Trumpeter 1/700 USS Lexington CV 2
By Michael Taylor
|Date of Review||January 2006||Manufacturer||Trumpeter|
|Subject||USS Lexington CV 2||Scale||1/700|
|Kit Number||5716||Primary Media||Styrene|
|Pros||Detailing as nice as the 1/350 kit||Cons|
|Skill Level||Basic||MSRP (USD)||$22.95|
When carrier aviation was officially born, it was fitting to name the first aircraft carrier after the man who attempted to be the first with the aeroplane using a shipborne catapult to launch his craft (unsuccessfully). While the USS Langley was converted from a freighter, the second and third aircraft carriers were built upon existing battlecruiser keels. USS Lexington CV 2 and USS Saratoga CV 3 benefited from the rugged design and infrastructure of the battlecruiser hull designs, upon which a huge hangar deck and flight deck were built.
The Lexington had an extensive influence in developing carrier operations experience and improving the concepts. One of its more interesting sidebars happened during the winter of 1929 when the Lexington was used as a floating generator to power the city of Tacoma Washington for over a month after a draught rendered the city's hydroelectric power system inoperative.
After Pearl Harbor, the Lexington was engaged with Japanese forces that included the carriers Shokaku and Zuikaku. Aircraft from those two carriers successfully struck the Lexington with bombs and torpedoes to the point where the ship was abandoned and sunk by a US destroyer.
Both Trumpeter and DML have been giving ship modelers in 1/700 many new kits to add to their wish lists. Trumpeter alone has offered up the Lexington. For a look at the parts in the box and some history see the in box review
by Michael Benolkin in the naval reviews section of Cybermodeler.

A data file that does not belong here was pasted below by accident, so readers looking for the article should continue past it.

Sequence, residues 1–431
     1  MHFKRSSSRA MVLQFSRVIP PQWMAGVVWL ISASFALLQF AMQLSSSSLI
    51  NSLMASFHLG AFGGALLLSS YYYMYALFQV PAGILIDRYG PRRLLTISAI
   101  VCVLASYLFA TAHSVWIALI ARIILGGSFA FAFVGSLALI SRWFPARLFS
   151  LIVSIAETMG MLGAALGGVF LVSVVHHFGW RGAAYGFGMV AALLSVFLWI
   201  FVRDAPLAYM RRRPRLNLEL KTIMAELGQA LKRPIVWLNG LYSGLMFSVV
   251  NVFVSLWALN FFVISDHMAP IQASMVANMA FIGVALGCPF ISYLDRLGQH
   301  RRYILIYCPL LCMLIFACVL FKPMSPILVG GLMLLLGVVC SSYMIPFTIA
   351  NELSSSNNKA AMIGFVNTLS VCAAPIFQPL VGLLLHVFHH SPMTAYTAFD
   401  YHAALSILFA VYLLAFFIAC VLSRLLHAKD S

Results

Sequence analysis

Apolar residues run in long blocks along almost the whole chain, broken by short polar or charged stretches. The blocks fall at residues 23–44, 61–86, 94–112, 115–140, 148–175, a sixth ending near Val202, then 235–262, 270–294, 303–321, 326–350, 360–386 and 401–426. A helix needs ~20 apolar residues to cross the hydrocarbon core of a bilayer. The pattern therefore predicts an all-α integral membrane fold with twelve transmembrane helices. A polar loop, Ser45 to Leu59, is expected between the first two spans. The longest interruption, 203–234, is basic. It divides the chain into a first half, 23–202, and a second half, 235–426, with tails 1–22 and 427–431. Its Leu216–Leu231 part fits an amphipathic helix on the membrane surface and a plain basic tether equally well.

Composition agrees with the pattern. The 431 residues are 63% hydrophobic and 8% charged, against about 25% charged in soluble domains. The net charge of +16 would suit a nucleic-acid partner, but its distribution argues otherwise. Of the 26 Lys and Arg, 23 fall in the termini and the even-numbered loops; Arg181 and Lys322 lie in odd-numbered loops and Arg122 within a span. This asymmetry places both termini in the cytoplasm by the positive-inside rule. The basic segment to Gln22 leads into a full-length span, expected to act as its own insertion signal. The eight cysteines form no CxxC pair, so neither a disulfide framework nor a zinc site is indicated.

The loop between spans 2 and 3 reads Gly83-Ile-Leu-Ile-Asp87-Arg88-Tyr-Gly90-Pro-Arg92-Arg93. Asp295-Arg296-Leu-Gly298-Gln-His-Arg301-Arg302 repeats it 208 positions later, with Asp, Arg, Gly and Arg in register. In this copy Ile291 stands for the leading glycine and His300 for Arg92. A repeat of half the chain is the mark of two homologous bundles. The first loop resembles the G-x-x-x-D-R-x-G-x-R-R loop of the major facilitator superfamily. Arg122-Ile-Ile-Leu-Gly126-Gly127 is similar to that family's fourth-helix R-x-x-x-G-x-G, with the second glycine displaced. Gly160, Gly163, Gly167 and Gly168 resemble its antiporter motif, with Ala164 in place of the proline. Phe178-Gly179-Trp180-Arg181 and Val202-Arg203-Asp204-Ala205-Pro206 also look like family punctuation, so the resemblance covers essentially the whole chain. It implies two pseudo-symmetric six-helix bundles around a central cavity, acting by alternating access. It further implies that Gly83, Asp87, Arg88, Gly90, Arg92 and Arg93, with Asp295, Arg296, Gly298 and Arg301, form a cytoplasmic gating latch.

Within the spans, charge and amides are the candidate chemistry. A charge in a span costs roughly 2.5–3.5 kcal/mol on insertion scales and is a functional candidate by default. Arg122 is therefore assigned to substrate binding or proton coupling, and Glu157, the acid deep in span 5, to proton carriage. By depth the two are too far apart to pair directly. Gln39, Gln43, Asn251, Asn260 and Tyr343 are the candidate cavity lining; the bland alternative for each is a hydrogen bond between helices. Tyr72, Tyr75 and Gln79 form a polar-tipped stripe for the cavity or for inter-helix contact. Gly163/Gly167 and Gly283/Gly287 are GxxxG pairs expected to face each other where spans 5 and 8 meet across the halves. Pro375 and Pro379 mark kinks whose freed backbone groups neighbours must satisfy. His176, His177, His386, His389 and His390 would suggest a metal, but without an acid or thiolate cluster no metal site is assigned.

I'm going to take a step by step look at the assembly of this kit from step 1 through step 22. I don't normally assemble a kit completely before painting but I wanted to incorporate this technique in this review to better show parts fit and give you a look at the kit unpainted as assembly moves forward.
Assembly begins with the forward gun platforms the platforms themselves are nicely detailed with ribbing on the spray shield faces. Sprue attachment points on this surface require careful removal of the part and some subsequent sanding/filing to keep those details in place. The bulkheads that make up the hull of the ship behind these gun platforms are fitted from the inside and some care is needed to make sure you have them positioned correctly. Trumpeter has a problem molding nice square mating surfaces.
I found this on many of the parts. The corners seem to be a bit soft and an excellent join is hard to get. Parts B24 and B26 form the "flair" of the bow just under the forward edge of the flightdeck. Some filling and light sanding was needed to get these to feather well into the contours of the hull. Overall step 1 was rather simple with only trying to get the inner bulkheads behind the gun platforms to fit well causing any concern.
Step 2 consists of placing the boat/20mm wells into the hull and the rear deck in place at the stern. Again I found the fit of the boat wells to be adequate and the 2 rear deck supports (B14, B15) may be confusing and should be test fitted in place before any glue is applied.
In step 3 and 4 we fill the gun tubs up with the kits guns. The 5" guns are nicely done in my opinion and look to scale. Equally well done are the quad 1.1" guns and their mounts. At this time the ships boats are mounted as well as gun directors and chocks. These latter parts are tiny so care is needed when removing them from the sprue. Also in these steps we place the 20mm galleries in the required wells. While these 20's don't have gun shields molded on I find them to be much finer representations than is supplied in Trumpeters Baltimore class kit.